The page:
Author interview with Daniel Agnew of ‘Ariadne’

Author Interview with Daniel Agnew

A young priestess flees from Crete to Egypt and finally Canaan as the Bronze Age world collapses around her. Until the skies grew dark and red and the ground shook and cracked, Ariadne’s biggest problems were how to stay one step ahead of her parents and out-think any boys who might come her way. Now she’s part of a desperate plan to bring the world back to balance and save Crete from destruction. Shame for the world Ariadne had other plans.



Will Ariadne have to give her plans to bring the world back into balance? To find out, Daniel Agnew, author of ‘Ariadne’ has kindly joined me today to explore the next steps of this young priestess during this turbulent time. I’m keen to start our exploration at the beginning, so can you share what originally inspired you to bring this story to life Daniel?

I started with the ending. I know a lot of people say this but it did actually come to me in a dream. I was so captivated with it I wondered how the protagonist got then and had to keep writing to figure it all out.



Did you use any experiences from your own life to help you figure it all out?

Partly remembering back to being a child. Most of it was imagined though, inspired from historical research.



And how did the characters come to life in this mix of historical research, dreams and your own life experiences?

I have a habit of accidentally answering these ahead of time, don’t I?



*Laughs* A little, but I’d still love to know more about the layering of these influences to build characters. How did it all fall together?

The protagonist came to me in a dream, as did the final few scenes. As for the others, many are inspired from history, one way or another.



Does this inspiration also energise your writing periods?

Like most writers I think, writing energizes me but editing exhausts me.



One of the ways I’ve like to do to energise that editing period is to insert a random or your favourite word into text into something you’ve written. If you were doing that, what’s your favourite word that you’d be inserting?

Deanamh: it’s Irish for ‘to do’ or ‘to make’. The more you think about it, the cooler it is that those two ideas are connected.



Oh, that really is cool.   Are neat little connections like this one, things that you like to think about as you write, or do you tend to focus on something else?

In the end, I have my brother in mind. I know if he gets it, then at least it makes sense but he’s not shy of giving constructive criticism. I write to him knowing he’ll help keep my course fairly straight.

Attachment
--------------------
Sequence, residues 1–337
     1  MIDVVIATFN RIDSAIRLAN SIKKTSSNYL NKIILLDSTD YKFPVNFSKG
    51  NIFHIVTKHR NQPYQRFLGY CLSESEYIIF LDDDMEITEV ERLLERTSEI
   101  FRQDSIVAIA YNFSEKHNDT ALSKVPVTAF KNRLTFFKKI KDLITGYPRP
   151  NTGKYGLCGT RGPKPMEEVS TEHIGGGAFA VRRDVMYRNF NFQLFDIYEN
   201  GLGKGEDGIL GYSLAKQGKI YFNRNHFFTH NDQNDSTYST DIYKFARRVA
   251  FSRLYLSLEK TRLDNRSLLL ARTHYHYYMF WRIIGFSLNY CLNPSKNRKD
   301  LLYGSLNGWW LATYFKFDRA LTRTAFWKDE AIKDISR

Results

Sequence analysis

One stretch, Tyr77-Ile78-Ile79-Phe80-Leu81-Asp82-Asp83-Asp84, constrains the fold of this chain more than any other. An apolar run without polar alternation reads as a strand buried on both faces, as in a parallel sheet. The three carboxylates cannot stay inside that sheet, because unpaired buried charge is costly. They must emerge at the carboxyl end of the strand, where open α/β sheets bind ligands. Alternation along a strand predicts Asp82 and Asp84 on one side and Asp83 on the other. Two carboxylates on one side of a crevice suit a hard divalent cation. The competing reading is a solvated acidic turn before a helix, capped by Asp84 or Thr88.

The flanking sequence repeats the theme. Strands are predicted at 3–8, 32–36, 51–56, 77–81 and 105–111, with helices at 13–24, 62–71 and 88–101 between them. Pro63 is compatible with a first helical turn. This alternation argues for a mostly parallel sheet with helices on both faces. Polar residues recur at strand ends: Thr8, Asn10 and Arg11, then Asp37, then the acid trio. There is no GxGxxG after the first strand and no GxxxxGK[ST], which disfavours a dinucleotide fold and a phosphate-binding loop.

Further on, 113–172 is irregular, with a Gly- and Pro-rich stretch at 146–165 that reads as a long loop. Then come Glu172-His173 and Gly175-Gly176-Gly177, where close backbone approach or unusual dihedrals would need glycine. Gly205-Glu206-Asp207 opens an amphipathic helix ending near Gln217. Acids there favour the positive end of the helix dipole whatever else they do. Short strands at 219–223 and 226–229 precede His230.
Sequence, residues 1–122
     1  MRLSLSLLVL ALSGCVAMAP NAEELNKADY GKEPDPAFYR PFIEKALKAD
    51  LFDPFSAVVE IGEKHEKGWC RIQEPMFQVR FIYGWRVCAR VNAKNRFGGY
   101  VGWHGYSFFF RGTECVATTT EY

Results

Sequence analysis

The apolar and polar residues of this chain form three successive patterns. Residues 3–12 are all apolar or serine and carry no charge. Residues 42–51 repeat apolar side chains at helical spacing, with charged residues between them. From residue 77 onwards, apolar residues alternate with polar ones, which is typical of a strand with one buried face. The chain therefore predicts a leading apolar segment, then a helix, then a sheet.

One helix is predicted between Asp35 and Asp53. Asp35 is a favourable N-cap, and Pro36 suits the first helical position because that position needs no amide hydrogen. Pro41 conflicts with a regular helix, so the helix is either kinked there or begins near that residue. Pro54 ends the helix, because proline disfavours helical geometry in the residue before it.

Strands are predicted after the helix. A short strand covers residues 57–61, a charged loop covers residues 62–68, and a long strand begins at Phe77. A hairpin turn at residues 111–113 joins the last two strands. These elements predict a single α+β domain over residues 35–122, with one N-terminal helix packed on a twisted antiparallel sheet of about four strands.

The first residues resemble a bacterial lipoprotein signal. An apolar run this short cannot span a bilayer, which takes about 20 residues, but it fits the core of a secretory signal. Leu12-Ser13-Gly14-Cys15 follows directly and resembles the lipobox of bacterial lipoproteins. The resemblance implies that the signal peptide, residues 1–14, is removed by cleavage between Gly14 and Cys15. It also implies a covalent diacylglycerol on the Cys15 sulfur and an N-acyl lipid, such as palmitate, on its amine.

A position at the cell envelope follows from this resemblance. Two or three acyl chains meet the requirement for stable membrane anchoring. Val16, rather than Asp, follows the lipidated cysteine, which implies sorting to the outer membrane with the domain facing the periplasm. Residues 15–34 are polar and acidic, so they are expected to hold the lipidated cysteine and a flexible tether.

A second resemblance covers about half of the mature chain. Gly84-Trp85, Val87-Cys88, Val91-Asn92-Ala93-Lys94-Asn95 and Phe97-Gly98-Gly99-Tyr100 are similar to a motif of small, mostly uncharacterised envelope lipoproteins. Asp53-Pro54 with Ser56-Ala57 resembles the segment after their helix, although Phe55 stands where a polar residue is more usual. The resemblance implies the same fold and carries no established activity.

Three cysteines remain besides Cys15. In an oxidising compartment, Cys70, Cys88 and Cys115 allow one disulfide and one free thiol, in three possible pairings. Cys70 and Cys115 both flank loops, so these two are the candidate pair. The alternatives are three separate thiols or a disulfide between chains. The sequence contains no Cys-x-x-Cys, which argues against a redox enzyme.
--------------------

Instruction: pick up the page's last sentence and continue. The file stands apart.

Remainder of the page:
What course were you trying to charter in this book? What do you hope readers take from the journey?

I wanted to capture what it felt like to be a child before I lost my memory of it. That and, the bronze age is such a cool time period, there’s so much there you had no idea about, go check it out.



There’s so much to learn about the Bronze age! Was learning about this period of history your greatest area of growth you experienced while writing Ariadne?

It’s really hard trying to write a novel, let alone publish it yourself and market it but it’s not impossible and it’s definitely worth it. If you want to do it then start today, and don’t give up. It sounds cliched but it’s the only way you’ll succeed.



It does sound cliched, but it is the truth, so I think the cliche-ness of it can be forgiven. With our minds fully focused on succeeding, have you already started thinking about the next writing project that will help push you closer to writing success?

I’m taking a quick break from Ariadne, historical fiction and the bronze age and giving a sci-fi novella a bit of a go just to clear my head. My next big book will be a sequel to Ariadne though.



Those are two quite different worlds. How has persisting to write in these different areas, and in general helped progress your voice as an author?

Yeah, definitely. I wrote Ariadne over a few years and so comparing the voice of my first few chapters to the last few in the initial draft was really interesting (and a bit embarrassing). Took a decent rewrite to iron it out but I think I’ve ‘found my voice’ a lot more now that I’ve finished it. Still, early days yet.



Has your work on your voice helped you build your own author brand? What steps have you taken so far?

I’ve done a fair bit online with targeted ads to my genre’s audience but I also went out in person and spoke to bookstores. I got 17 stores stocking Ariadne withing 6 months because I wasn’t afraid to ask and I didn’t give up because the odd one said no. That and treat it professionally – if you’re serious, get a good cover for starters.



Even though you shouldn’t judge a book by its cover, it’s much easier to sell to bookstores when it looks awesome. I also love that you were brave enough to go into stores and get your book stocked. Good luck getting those next 17 stockists! For those readers who might be on the fence about getting their own copy of Ariadne, what line from the book can you share with us to get them purchasing a copy today?

‘A crow pecked at a corpse, the corpse of a boy. But it was not one of her boys, so that was alright.’– With this line I was trying to explore not only the horror of war but the natural bias most of us feel for those we love, and the harm such a bias can have of those around us.



Only one line to explore these biases doesn’t really seem enough, so readers should go and pick up a copy of Ariadne and dedicate a little more time to explore the power of biases. Daniel, thank you for dropping around to chat about your historical tale. I hope to see you soon with your upcoming sci-fi adventure!


Excited to read the book we discussed today? Find it here on Amazon: ‘Ariadne ( ASIN: B07DPNTQYC )‘.

Want to find out more about Daniel Agnew? Connect here!